3000 miles of paths to explore
The Cotswolds countryside is not open everywhere for walkers to roam at will but many sections of it that were previously off-limits have been opened up for public access as a result of the Countryside and Rights of Way Act 2000. New access rights came into effect across the whole of England on Monday 31 October 2005 when three quarters of a million hectares of land that was previously off-limits to walkers was opened up. This move is rooted in a 100-year-old campaign to allow people to wander the wilder parts of Britain at will.
Walkers now have greater freedom to enjoy and understand the Cotswolds AONB. In Gloucestershire for instance 3,700 hectares of land has been opened up for public access.
When walking in the Cotswolds, please remember the Countryside Code:
- be considerate to those living in, working in and enjoying the countryside
- leave gates and property as you find them
- do not block access to gateways or driveways when parking
- be nice, say hello, share the space
- follow local signs and keep to marked paths unless wider access is available
Protect the environment
- take your litter home – leave no trace of your visit
- do not light fires and only have BBQs where signs say you can
- always keep dogs under control and in sight
- dog poo – bag it and bin it – any public waste bin will do
- care for nature – do not cause damage or disturbance
Enjoy the outdoors
- check your route and local conditions
- plan your adventure – know what to expect (weather conditions, hours of daylight)
- enjoy your visit, have fun, make a memory
The Canine Code
Dogs are one of our best-loved companions and going on walks in nature with our four-legged friends is a pleasure that millions of us enjoy each year.
Just over a quarter of households in the UK are now dog owners, so with over 10 million dogs roaming the countryside with us, it’s more important than ever for dogs to be well trained, and for us to be as conscientious and considerate as we can.
When out and about with dogs, please remember the canine code:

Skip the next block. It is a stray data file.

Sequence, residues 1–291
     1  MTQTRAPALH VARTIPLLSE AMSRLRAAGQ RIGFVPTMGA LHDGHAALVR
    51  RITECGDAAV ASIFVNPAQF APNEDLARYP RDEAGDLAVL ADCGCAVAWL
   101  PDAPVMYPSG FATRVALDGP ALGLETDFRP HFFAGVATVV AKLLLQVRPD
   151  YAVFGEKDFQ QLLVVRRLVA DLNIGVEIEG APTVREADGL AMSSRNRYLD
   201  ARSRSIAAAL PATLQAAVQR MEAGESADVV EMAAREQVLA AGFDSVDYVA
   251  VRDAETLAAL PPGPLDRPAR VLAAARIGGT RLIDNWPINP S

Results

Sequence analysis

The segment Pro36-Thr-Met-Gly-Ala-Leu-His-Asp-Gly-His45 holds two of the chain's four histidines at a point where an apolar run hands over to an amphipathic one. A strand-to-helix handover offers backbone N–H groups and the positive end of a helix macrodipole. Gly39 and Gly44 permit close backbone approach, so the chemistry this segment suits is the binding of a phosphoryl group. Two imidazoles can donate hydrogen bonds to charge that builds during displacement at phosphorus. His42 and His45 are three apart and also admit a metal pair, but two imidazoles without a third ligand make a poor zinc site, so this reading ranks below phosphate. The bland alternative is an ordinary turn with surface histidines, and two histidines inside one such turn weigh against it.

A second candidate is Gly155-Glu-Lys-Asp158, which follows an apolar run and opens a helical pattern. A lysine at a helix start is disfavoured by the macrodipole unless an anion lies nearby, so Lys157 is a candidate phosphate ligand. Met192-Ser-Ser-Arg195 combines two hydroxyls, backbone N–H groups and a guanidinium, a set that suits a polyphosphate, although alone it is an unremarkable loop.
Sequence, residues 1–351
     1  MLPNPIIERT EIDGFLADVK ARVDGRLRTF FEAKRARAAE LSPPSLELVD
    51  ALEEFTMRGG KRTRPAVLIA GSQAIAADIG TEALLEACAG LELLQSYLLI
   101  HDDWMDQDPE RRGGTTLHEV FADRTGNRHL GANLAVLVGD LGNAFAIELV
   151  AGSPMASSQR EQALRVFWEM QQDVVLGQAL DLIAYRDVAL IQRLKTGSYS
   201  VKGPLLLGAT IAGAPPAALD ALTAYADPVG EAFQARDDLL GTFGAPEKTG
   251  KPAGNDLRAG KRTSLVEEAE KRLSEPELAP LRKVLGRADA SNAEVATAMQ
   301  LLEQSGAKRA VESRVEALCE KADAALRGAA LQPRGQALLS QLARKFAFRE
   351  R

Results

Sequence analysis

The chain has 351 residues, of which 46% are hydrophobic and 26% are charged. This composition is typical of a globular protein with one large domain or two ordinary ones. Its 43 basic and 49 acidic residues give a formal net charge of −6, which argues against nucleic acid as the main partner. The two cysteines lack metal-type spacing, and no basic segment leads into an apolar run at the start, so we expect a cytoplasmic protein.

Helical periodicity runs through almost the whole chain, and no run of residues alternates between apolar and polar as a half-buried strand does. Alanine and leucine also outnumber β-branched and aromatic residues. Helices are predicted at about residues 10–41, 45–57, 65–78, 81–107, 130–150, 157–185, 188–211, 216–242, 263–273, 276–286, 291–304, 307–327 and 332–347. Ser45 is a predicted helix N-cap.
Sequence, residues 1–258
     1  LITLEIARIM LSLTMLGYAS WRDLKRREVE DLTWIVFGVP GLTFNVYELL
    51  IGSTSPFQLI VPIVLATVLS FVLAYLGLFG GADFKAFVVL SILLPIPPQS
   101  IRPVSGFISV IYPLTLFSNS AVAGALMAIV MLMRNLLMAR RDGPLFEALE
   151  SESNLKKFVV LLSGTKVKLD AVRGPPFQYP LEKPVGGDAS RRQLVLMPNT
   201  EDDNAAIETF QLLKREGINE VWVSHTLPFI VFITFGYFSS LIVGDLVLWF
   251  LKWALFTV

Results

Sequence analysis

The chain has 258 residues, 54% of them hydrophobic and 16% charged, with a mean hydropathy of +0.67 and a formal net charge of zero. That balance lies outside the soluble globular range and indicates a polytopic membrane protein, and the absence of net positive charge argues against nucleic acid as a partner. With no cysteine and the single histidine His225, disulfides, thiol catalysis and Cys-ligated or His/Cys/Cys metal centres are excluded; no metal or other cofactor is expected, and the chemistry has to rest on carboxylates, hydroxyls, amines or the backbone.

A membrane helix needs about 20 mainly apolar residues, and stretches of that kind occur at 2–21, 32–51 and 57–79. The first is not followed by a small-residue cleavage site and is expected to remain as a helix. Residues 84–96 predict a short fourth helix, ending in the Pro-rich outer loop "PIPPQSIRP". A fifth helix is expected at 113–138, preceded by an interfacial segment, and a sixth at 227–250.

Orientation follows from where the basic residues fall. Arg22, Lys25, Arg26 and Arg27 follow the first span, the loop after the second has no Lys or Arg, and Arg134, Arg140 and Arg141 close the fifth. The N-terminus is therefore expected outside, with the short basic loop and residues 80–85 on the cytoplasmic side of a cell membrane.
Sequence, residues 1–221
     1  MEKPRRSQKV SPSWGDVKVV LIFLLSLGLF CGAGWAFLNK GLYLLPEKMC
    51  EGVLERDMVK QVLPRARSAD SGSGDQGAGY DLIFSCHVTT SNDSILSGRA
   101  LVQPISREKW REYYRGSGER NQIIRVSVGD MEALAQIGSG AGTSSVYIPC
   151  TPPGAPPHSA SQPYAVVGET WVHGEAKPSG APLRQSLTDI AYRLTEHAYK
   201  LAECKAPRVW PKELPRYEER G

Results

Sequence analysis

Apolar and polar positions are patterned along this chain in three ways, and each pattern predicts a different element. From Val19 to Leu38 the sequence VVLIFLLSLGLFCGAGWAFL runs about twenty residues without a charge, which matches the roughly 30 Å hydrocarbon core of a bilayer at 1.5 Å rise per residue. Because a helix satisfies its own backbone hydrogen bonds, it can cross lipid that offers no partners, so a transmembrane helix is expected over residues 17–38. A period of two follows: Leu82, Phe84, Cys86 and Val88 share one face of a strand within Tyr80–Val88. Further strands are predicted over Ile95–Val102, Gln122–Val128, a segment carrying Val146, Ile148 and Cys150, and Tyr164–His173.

- Remember to pick up after your dog – grazing livestock can pick up diseases from dog poo and become ill. Plus, you’ll be ensuring that Gloucestershire’s wild places remain havens for nature, and enjoyable places for people to visit.
- Take the lead. Keep your dog on a lead unless informed otherwise. Wild places are home to ground nesting birds, adders and rare plants that can all be disturbed by dogs. What’s more – you’ll be caring for other visitors who might not be so comfortable around your canine companion.
- Give space to grazing livestock – we recommend at least 10m – and keep all dogs under very close control around them. Even small dogs can frighten sheep, cattle and ponies – causing serious distress and injury
- Ensure total recall – when letting your dog off the lead in safe areas, be certain they will come back when called and that they don’t roam too far – sticking to the paths as much as possible means wildlife isn’t disturbed and you can keep a closer eye on them.
- Water safety – if your dog is a swimmer, please read the following information. Dogs running in and out of ponds can erode the banks, damaging plant life and releasing sediment into the water. This sediment can cloud the water, blocking out light for the plants and animals living below. To help with this, take dogs to designated dog ponds or dog dip sections of rivers. Flea treatments that are added to the back of dog’s necks contain pesticides that can kill freshwater invertebrates. This treatment is very soluble, washing off easily when your dog goes for a swim and potentially harming invertebrates like beetles, dragonfly larvae and mayflies. You can avoid this by not letting your dog go swimming for a few days after you have applied flea treatment.
Discover how to strike a balance between getting out and about with your dog and giving wildlife and wild places space to thrive by watching the film below, produced by Gloucestershire Wildlife Trust in partnership with Cotswolds National Landscape and The National Trust.
For more information on the Canine Code and tips visit the Gloucestershire Wildlife Trust website.
Where to find out about Access land
People have the right to access areas of land marked on ‘conclusive maps’ which can be found at the Natural England website. Access land is also shown on the new editions of the orange OS Explorer maps. On the newly mapped land you can do anything from rambling to bird watching but along with these new rights, come responsibilities.
Remember that these areas of land are still privately owned and that the farmers or land manager’s needs should be respected. For more background go to the Countryside Access website.
Take your time, and enjoy – the pandemic has given us many opportunities to find reassurance in the healing qualities of nature, and to enjoy and appreciate our surroundings more.
Click on the links below to see access websites from all of the local authorities in the AONB: